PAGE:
This course provides students with a comprehensive understanding of how Lean Manufacturing works in a manufacturing company. Lean concepts (why lean, lean terminology, identifying wastes, Value Stream Mapping methods and the linkage between lean and Six Sigma) and lean practices (streamlining the value stream, workplace organization, ensuring predictability and consistency, set-up reduction, TPM, the visual workplace and continuous improvement) are covered. The course provides the learner with lean implementation suggestions including approaches for addressing people issues, collecting and analyzing data to plan and track lean efforts, process workflow and layouts options with rationale and a sequential roadmap. Senior adult and disabled retiree tuition waivers apply. Transcript available.
This course covers skills for basic measuring and hand tools, basic inspection, workplace safety, and shop materials. Through reference materials, lectures, and hands on experience, the students will be exposed to common manufacturing related safety, measurement, maintenance, and process issues. Senior adult and disabled retiree tuition waivers apply. Transcript available.
An introduction to arc welding machines and accessories, oxyacetylene cutting equipment, and types and uses of electrodes. Learn flat welds, types of joint design (butt, lap and T-joints), basic welding symbols, and safety practices. Safety equipment and metal supplied during class time. Class size is limited to 7 students due to equipment constraints. Senior adult and disabled retiree tuition waivers apply. Transcript available.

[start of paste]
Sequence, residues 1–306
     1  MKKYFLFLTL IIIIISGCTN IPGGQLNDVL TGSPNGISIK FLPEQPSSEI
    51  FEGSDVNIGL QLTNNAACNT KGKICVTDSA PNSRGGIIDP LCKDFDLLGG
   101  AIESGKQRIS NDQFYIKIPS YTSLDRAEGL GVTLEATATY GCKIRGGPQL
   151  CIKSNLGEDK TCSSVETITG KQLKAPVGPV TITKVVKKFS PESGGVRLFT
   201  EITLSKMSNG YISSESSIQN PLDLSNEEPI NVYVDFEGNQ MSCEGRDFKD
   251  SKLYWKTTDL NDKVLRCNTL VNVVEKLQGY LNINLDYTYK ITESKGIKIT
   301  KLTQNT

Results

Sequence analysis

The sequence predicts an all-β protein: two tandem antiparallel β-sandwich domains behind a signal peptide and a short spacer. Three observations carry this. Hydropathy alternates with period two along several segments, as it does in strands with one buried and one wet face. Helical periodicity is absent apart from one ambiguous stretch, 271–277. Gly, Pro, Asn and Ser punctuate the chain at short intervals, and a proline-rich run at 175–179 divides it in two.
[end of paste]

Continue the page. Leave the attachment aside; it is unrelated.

This course covers the basic concepts needed to understand the operation and programming techniques common to most Programmable Logic Controllers (PLC). An overview of Programmable Logic Controllers and the different number systems are covered. Topics include various number systems, programming fundamentals, timers, counters, sensors and their wiring, input/output modules and wiring, arithmetic instructions, and an overview of plant floor communications. Senior adult and disabled retiree tuition waivers apply. Transcript available.
This course introduces students to the history, responsibilities, and career opportunities within the engineering technology field. Emphasis is placed on critical thinking and problem-solving skills. Students study report writing, calculator usage, data collection and analysis, measurement systems, geometry, right triangle trigonometry, and basic computer skills, including word processing and spreadsheet applications. Also examined are the ethical standards that guide engineering practices. Senior adult and disabled retiree tuition waivers apply. Transcript available.
This course covers the basic principles of blueprint reading and sketching. Topics include multi-view drawings; interpretation of conventional lines; and dimensions, notes, and thread notations. Upon completion, students should be able to interpret basic drawings, visualize parts, and make pictorial sketches. Senior adult and disabled retiree tuition waivers apply. Transcript available.
Among the considerations included in this course is the question about whether any ethical values are already implied in manufacturing and market activity, or whether introducing ethics into business will cause fundamental changes to business. In addition, we want to assess how manufacturing does and should affect our individual and social lives, and ask what role business and its values (could) play in our society as a whole. Further, we will examine issues and conflicts that typically arise in manufacturing that have moral aspects to them, such as the way employers treat their employees, employees their employers, and the ways businesses treat their competitors, their customers, their society, and even their environment. Senior adult and disabled retiree tuition waivers apply. Transcript available.